Mapping #1

A couple of friends asked me to update my blog after mapping. So that’s what I’m doing. 🙂

Last week was initial stimulation and today was mapping. They’re generally the same.

Today went much better than last week. Why? I didn’t want to throw my CI. 😀

A few things I noticed:

-On the way to my mapping appointment I finally turned on the music in my car. It’s been off all week. While it did not sound great, I was surprised at the fact that I could pick the music out over the noises of the highway at a very quiet volume. With hearing aids I usually had to turn the music way up whenever I got on the highway and even then I couldn’t always pick it out.

-I noticed that I can hear the noise that’s made whenever I hit the scroll ball on my sidekick. I thought I was imaging it at first because I didn’t think it was possible for that to make a noise. I’ve tried it several times today and sure enough it does make a noise. I guess from it rubbing against something else.

-After mapping when I was switched back to live mode. It was so much better than the last 2 times in terms of being bombarded with noises and the volume level. I was actually able to pick out my audiologist’s voice. Of course it all sounded the same. However, the last 2 times I couldn’t tell what was what at all and it was just a constant noise.

94% of everything still sounds the same. Once I tolerate sounds better I should be able to start the long process of gradually figuring out what is what. Right now it’s all just kind of one big cluster of sounds.

I also finally figured the one sound that I have the hardest time tolerating. Voices. I just have a hard time tolerating it whenever people start talking compared to other sounds for some reason.

I just feel better today even though not much has changed.

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Triggering Sensory Issues

I should probably explain that I’ve always had a few minor sensory issues. It’s almost more of a quirk than anything else or at least that’s what I like to think. 😉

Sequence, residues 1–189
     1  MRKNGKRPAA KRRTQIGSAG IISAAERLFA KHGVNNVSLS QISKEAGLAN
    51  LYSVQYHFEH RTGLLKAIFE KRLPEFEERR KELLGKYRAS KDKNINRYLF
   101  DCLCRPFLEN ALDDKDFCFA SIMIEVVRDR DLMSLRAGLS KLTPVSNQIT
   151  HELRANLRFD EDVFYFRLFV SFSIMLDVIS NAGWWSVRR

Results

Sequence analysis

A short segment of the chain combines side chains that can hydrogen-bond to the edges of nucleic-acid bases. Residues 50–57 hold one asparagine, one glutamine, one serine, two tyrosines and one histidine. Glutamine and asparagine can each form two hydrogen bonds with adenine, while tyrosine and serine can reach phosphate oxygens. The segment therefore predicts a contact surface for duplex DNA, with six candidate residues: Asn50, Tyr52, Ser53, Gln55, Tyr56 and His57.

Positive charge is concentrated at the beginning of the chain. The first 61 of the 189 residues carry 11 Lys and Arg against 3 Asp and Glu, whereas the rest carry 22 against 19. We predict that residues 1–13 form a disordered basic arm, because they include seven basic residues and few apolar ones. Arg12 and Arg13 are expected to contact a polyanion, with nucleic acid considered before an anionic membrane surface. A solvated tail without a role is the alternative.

I do enjoy being stimulated by things like bright colors, music, roller coasters, etc. However, I’ve always had a few issues with certain things. As a child it took forever for me to get used to wearing jeans just because of how the material felt. When I started my clinical rotations it took me forever to get used to wearing causal business type clothes. There have been days where I had a hard time focusing on what I was supposed to because I couldn’t stand how the clothes felt against my skin. Most of the time I can do a really good job at ignoring stuff like this but there are days where I have a hard time handling it. I did outgrow this somewhat and it has become easier over the years.

One thing that most people immediately notice about me is the fact that I’m not a touchy-feely person. I seem to be more sensitive to touch for some reason.

One example would be speech therapy. Growing up, I used to hate speech therapy for different reasons. One major reason was that a lot of my speech therapists would grab my hand without any warning to touch their throat (to feel them make sounds). Once they did that I was just lost for the rest of the session. I couldn’t focus on anything because I was trying so hard to remain calm and not get overstimulated. I was really good at faking it and acting like it didn’t bother me. I didn’t want it to. It got to the point where every time I had a new speech therapist I would request that they be informed in advance to please not be so touchy. 😉

Btw don’t worry, it’s okay to hug and touch me. 😀